The Celebration Belle, celebrating its 30th year of Mississippi River cruising from Moline, welcomes groups on its lunch, dinner and sightseeing trips. Circa ’21 Dinner Playhouse, housed in a beautifully restored 1921 vaudeville-movie theater in downtown Rock Island, is another Quad Cities staple. Guests are served by a talented waitstaff that performs a 15-minute revue before the main show, which is usually a comedy or Broadway musical. Upcoming shows include A Christmas Story: The Musical, Buddy: The Buddy Holly Story and Miss Abigail’s Guide to Dating, Mating and Marriage.

Many sample itineraries crafted by the Quad Cities CVB include a tour of Boetje’s Mustard, which has made its stone-ground Dutch mustard in Rock Island since 1889. Another behind-the-scenes option is the Isabel Bloom Studio in Davenport, where artisans carry on the legacy of the Iowa sculptor who studied under Grant Wood.

The historic Rock Island Arsenal, an active U.S. Army facility on an island in the Mississippi River, plays a key role in group itineraries. The government’s largest arsenal has manufactured weapons, parts and armor, even tanks and artillery, for more than a century. Step-on guides are provided for tours that include a museum with an outstanding firearms collection. Visitors also can view the barge traffic and lock operations at the Mississippi River Visitor Center at Locks and Dam 15.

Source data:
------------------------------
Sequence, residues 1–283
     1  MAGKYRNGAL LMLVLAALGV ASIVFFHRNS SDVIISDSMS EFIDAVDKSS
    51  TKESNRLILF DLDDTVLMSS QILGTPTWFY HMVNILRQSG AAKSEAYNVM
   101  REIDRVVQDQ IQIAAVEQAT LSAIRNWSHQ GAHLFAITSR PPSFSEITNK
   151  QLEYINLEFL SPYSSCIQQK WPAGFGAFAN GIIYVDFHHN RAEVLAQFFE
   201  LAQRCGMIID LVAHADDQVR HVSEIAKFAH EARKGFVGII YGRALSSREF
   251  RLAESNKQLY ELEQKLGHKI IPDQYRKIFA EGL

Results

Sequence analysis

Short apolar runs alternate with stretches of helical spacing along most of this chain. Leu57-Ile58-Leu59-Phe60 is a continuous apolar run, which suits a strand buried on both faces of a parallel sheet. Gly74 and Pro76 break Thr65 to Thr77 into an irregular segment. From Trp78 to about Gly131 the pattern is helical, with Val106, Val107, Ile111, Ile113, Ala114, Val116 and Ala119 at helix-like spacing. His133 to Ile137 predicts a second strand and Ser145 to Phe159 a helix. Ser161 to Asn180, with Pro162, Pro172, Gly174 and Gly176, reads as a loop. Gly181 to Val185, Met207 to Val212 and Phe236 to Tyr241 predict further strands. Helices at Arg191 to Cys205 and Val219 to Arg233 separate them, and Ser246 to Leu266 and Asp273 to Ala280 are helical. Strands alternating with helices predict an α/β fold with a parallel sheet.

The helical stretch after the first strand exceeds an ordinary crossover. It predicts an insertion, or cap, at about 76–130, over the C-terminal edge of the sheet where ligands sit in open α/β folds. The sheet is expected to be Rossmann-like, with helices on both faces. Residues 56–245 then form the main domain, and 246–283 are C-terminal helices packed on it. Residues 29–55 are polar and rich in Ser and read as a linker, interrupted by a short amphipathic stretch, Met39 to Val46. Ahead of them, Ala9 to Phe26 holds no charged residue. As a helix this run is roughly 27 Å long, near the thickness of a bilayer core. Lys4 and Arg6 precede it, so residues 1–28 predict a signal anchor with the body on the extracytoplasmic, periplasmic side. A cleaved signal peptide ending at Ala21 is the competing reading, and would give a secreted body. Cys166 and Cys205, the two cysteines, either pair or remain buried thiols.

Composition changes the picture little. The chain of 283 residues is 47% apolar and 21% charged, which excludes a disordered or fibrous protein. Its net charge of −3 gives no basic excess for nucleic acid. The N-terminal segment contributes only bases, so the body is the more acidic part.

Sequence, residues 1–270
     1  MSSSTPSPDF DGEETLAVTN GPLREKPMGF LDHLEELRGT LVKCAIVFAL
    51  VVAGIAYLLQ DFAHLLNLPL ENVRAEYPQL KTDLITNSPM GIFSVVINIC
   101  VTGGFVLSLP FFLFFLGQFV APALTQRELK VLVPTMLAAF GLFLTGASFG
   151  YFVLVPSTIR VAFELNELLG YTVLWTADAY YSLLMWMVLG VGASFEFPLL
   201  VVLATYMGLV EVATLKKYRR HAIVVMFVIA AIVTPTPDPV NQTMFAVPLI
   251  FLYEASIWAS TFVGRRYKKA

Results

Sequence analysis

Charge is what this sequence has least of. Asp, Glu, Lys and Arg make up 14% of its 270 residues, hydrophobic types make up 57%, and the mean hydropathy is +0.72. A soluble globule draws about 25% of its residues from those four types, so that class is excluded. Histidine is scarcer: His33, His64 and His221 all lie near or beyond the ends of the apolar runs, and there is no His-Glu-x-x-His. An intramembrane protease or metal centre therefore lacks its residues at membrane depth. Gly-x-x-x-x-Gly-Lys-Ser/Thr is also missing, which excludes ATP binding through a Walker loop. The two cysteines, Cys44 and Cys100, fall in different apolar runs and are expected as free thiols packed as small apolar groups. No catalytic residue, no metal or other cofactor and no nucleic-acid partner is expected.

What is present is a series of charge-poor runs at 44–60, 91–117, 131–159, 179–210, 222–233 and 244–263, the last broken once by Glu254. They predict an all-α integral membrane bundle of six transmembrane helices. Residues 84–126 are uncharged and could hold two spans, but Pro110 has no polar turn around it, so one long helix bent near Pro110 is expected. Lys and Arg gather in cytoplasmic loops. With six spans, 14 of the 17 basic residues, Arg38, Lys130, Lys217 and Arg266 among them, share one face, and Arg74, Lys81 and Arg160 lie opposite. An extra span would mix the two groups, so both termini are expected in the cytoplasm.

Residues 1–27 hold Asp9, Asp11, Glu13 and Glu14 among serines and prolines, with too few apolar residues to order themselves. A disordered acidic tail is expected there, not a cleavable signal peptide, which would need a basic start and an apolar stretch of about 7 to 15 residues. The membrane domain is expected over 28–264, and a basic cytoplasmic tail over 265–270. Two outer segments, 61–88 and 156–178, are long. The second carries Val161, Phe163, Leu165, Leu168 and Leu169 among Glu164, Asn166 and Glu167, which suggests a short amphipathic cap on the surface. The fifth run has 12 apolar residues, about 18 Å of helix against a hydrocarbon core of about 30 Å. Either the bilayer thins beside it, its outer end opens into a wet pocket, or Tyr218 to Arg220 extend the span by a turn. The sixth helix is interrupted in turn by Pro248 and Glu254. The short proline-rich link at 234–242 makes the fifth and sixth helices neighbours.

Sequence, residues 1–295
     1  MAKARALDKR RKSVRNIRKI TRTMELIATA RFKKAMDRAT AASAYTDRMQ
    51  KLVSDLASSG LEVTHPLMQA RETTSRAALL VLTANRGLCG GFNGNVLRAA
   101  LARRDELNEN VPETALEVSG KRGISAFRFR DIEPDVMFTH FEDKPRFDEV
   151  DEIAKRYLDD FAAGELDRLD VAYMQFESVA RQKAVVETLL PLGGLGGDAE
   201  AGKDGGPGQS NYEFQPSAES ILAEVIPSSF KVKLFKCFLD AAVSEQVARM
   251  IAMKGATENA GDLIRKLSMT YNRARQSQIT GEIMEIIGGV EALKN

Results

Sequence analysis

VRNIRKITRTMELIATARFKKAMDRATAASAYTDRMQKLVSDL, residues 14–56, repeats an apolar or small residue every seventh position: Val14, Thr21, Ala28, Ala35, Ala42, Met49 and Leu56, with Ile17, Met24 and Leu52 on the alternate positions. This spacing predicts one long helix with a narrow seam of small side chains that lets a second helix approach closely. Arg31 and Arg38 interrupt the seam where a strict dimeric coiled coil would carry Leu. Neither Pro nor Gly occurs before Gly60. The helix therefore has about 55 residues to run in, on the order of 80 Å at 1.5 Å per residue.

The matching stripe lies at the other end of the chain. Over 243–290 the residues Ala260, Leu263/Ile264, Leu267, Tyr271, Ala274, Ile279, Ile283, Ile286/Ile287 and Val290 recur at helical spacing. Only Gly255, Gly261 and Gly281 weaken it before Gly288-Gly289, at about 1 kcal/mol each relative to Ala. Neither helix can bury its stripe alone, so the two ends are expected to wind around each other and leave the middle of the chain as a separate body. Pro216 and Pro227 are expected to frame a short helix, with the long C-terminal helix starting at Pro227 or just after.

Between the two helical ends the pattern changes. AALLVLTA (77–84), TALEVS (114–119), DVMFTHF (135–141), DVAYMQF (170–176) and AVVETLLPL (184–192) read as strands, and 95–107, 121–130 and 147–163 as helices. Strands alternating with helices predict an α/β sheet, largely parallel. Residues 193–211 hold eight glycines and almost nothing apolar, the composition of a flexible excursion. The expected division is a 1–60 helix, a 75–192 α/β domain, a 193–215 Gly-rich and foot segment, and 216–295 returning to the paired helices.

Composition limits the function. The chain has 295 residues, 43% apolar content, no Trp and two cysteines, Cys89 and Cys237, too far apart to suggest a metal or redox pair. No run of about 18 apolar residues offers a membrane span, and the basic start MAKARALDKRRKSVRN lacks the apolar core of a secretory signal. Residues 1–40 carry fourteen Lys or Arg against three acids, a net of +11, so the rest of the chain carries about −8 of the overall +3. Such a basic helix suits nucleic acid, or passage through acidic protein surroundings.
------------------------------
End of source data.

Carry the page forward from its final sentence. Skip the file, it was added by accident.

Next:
Bishop Hill State Historic Site, southeast of the Quad Cities, is an idyllic, Swedish-flavored village that attracts groups with its specialty shops, artisan studios and 19th century history. Settled in the 1840s by immigrants from Sweden, Bishop Hill was a religious utopian community that thrived for 15 years. Original buildings have museum exhibits. Eateries serve Swedish meatballs, and shops offer Swedish imports.

Galesburg, the home of Knox College, offers great shopping in its revitalized downtown. The Galesburg Antiques Mall Co., in a magnificent building at the corner of Main and Seminary, has three floors of old treasures, from vintage jewelry and baseball cards to well-preserved issues of Life magazine from the 1940s, ’50s and ’60s. A one-block section of Seminary Street abounds with boutiques, art galleries and restaurants, including Stray Cat Art, Denim & Pearls, and Landmark Cafe & Creperie. Just down the street is the Galesburg Railroad Museum, next to the Amtrak depot.

Literary buffs in Galesburg head to Carl Sandburg State Historic Site to see the humble cottage where the Pulitzer Prize-winning poet and Lincoln biographer was born in 1878. The adjacent visitors center has an orientation video and Sandburg memorabilia. A small park behind the birthplace features Quotation Walk, a winding path of stepping stones inscribed with short quotes from Sandburg’s poetry and prose. The ashes of the “Prairie Poet” and his wife are buried beneath Remembrance Rock (named after his novel).